I ENJOYED P. Gunasegaram’s article (“The Real Cost of Credit Cards”, StarBizWeek, March 7) on how banks are benefiting by charging exorbitant fees on credit-card charges.
These days, we see bank employees being rewarded primarily based on how much profit and business they can bring in. This is especially so with consumer banking.
There are always sales people at shopping malls, offering freebies just to get you to sign up for a credit card. It will not be long before our younger generation is saddled with so much debt that they will be bankrupt before they are 30.
In addition to hidden fees, banks make handsome profits by not crediting your account on the day (before 4pm) that you bank in your cheque.
I am aghast that if I bank in funds into my credit-card account (via cheque payment), my bank will only credit the amount when the cheque is cleared. Hence, even if I were to bank in my cheque, say, on Friday (April 17), the payment into my account is only considered as a credit on Monday (April 20).
Meanwhile, my bank had already debited my account on April 17, and I would lose three days’ interest, if I was on overdraft. I would’ve also lost three days’ interest to my bank.
From the limited knowledge that I have of the bank clearing system with Bank Negara, is it not true that the moment a cheque is presented to my bank, the bank’s account with Bank Negara is credited immediately, regardless of whether the cheque is good for payment or not?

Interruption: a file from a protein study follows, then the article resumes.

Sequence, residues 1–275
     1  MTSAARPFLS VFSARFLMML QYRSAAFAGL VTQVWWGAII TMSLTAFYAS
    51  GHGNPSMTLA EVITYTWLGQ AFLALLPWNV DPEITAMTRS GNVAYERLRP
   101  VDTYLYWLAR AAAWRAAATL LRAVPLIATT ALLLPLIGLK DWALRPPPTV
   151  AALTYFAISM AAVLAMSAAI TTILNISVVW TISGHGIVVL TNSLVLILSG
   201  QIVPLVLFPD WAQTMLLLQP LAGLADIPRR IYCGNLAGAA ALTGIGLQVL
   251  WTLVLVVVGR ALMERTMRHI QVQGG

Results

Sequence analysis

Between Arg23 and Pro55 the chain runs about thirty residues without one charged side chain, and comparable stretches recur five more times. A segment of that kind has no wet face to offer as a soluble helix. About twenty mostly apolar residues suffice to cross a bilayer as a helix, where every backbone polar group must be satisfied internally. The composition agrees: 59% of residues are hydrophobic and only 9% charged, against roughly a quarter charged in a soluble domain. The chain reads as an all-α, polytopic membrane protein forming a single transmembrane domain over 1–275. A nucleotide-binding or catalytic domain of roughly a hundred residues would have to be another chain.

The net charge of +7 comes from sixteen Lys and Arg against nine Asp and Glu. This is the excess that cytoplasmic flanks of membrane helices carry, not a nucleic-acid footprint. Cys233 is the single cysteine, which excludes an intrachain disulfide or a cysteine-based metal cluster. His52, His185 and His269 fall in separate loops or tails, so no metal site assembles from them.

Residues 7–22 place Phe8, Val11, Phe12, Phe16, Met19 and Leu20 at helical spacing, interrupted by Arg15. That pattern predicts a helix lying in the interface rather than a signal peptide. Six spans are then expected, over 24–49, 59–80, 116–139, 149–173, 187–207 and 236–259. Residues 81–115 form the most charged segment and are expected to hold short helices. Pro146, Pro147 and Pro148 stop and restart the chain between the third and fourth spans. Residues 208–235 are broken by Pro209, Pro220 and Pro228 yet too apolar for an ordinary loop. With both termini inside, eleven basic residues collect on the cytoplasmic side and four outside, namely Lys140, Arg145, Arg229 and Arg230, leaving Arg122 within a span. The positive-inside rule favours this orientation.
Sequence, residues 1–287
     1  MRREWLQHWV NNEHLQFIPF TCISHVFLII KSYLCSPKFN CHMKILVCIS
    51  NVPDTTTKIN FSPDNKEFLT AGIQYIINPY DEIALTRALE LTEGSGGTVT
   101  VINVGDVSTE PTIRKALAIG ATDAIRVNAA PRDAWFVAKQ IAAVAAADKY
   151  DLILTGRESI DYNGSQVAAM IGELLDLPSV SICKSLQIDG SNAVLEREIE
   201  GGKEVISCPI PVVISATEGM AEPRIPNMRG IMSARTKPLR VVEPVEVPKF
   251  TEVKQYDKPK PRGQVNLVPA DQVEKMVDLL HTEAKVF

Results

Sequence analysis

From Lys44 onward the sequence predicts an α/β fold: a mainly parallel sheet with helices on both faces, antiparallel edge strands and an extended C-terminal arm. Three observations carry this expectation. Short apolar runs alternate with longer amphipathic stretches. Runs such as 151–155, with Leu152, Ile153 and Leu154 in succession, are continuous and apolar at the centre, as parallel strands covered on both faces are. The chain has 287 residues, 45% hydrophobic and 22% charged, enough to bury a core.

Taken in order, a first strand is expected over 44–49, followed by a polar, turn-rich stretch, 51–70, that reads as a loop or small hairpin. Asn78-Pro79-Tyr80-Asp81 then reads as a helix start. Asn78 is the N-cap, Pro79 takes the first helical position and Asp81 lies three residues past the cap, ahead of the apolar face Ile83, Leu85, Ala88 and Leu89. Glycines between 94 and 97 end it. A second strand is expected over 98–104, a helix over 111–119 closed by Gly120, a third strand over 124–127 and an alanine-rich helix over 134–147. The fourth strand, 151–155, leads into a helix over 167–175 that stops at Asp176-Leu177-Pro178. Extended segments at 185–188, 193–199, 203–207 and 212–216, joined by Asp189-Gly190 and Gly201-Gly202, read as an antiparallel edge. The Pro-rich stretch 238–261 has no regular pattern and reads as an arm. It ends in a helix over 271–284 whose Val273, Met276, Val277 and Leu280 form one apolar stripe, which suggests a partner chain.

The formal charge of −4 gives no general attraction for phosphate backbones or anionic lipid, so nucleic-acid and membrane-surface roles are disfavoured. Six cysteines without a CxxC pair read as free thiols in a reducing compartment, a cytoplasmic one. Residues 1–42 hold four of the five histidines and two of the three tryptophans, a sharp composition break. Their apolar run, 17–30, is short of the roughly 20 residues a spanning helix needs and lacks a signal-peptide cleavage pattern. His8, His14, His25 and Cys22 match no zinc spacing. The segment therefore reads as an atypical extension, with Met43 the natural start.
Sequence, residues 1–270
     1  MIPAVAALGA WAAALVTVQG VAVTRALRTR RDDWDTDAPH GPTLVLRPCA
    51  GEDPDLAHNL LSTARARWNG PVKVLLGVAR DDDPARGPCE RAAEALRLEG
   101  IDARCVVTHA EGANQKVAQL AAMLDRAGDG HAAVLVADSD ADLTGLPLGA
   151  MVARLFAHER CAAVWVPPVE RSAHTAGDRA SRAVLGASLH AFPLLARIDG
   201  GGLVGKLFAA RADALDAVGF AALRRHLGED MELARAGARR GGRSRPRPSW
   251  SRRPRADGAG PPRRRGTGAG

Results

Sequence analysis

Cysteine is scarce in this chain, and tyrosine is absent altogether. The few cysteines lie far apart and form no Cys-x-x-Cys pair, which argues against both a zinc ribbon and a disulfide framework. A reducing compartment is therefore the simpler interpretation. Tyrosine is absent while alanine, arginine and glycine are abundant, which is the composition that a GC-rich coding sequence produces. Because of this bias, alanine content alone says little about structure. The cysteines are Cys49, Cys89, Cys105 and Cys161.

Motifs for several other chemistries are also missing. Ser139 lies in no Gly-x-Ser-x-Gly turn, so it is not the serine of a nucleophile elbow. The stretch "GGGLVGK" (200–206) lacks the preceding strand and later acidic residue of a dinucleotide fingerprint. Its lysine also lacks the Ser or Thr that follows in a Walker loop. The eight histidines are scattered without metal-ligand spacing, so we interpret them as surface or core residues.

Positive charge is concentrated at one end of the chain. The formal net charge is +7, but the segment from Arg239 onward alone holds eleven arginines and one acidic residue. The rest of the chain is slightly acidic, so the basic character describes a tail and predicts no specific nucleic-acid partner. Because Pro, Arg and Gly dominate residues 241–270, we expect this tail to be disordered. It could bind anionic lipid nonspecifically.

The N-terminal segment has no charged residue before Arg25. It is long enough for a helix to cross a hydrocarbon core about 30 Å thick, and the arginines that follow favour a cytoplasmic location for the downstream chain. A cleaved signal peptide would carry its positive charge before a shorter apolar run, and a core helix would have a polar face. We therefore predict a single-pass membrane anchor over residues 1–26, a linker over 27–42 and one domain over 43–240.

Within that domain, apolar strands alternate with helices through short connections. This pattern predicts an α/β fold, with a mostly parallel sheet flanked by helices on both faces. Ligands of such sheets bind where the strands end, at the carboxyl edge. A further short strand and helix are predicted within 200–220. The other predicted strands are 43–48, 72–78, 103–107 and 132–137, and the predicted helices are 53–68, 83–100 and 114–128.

In addition, if my bank’s account with Bank Negara is positive at the end of the day as a result of the cheques banked in, does my bank not gain through overnight interest for the three days?
May I remind Bank Negara that in our rush to ape the Western financial institutions, which charge fees for almost everything, Malaysia’s banking institutions have not reached the standard of service that justifies the fees, especially when the base lending rate has a margin of more than 3% from the current overnight policy rate of 2%.
Does it make sense that banks are already making extraordinary profits and they still charge commissions for simple things like receiving a telegraphic transfer from overseas into a client’s account?
In developed countries like Australia and New Zealand, the margin between the lending and deposit rates are extremely fine, and consumers understand the rationale for such service charges. This is certainly not the case in Malaysia.
Also, why should consumers pay an RM8 annual fee to use an ATM card when the banks’ aim for having ATMs is to garner more business and profits by reducing overheads (fewer counter staff) and infrastructure for banking counters?
It is a fruitless request by your Gunasegaram to expect Bank Negara and the Association of Banks in Malaysia to look into exorbitant charges, as it had all but fallen on deaf ears. Why rock the boat when the going is good?
From: Against unjustifiable rent seekers, namely banks, Kuala Lumpur
Did you find this article insightful?